New Jersey now allows most bars and restaurants to sell mixed drinks, cocktail kits, and other alcoholic beverages in sealed containers no larger than a pint that can be taken out or delivered.

Gov. Phil Murphy on Friday signed a bill that passed the Assembly unanimously making New Jersey the 32nd state plus the District of Columbia to allow restaurants and/or bars to sell to-go cocktails, bottled spirits, or both.

New Jersey distilleries also can sell cocktails and mixed-drink kits for alcohol they manufacture.

In Pennsylvania, Gov. Tom Wolf was given a cocktails-to-go bill Monday afternoon. Under the Pennsylvania bill, drinks must be of 4 to 64 ounces and are limited to takeout.

The New Jersey bill’s provisions would expire six months after the end of the state of emergency or on the day that coronavirus-related executive or administrative orders expire, whichever occurs later.

» READ MORE: Cocktails-to-go bill is approved by Senate, and is on way to Gov. Wolf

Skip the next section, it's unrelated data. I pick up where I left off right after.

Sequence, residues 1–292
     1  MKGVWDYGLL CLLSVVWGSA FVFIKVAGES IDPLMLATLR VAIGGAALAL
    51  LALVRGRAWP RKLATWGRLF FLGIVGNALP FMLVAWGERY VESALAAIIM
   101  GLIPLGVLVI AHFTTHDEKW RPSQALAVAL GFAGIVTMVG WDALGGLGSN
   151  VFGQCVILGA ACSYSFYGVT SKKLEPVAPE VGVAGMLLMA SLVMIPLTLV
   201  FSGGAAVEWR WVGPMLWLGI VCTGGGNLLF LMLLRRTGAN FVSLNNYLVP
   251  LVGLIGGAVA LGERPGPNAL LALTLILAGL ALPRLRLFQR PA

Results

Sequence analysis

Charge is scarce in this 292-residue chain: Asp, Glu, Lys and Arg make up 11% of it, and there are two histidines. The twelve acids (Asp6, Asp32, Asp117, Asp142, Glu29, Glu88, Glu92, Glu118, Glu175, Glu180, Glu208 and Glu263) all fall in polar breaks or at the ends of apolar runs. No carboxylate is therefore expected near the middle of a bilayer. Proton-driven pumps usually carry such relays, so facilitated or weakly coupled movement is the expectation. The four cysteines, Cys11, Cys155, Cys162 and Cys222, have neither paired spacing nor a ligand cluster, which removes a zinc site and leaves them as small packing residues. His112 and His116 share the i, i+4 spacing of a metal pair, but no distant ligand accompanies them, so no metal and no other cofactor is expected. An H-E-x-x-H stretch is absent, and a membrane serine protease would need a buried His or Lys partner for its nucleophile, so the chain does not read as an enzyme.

New Jersey also is waiving taxes on alcohol used to make hand sanitizer. "Despite their own struggles, distilleries have come to our aid and established themselves as selfless partners in this fight by shifting some of their production to hand sanitizer,” said Roy Freiman, a Democrat who represents Hunterdon, Mercer, Middlesex, and Somerset Counties, in a statement.“Giving them some financial leeway is how we thank them for their role in helping keep us all safe.”

The Distilled Spirits Council of America says there are 19 distilleries making hand sanitizer in New Jersey.

Sponsors of the bill, now law, issued the following statements:

“Local restaurants and bars that relied heavily on taproom revenues are finding it tough to make ends meet,” said John Burzichelli, a Democrat from Cumberland, Gloucester, and Salem Counties. “This bill throws them a lifeline. It offers a chance to create more sustainable cash flow, so we can see the industry rebuild as we come out of this COVID-19 pandemic.”

“During my communications with our restaurant owners, they repeatedly asked for us to get this done,” said Serena DiMaso, a Republican from Monmouth County. “It will help to increase their sales and revenue during the COVID-19 pandemic.”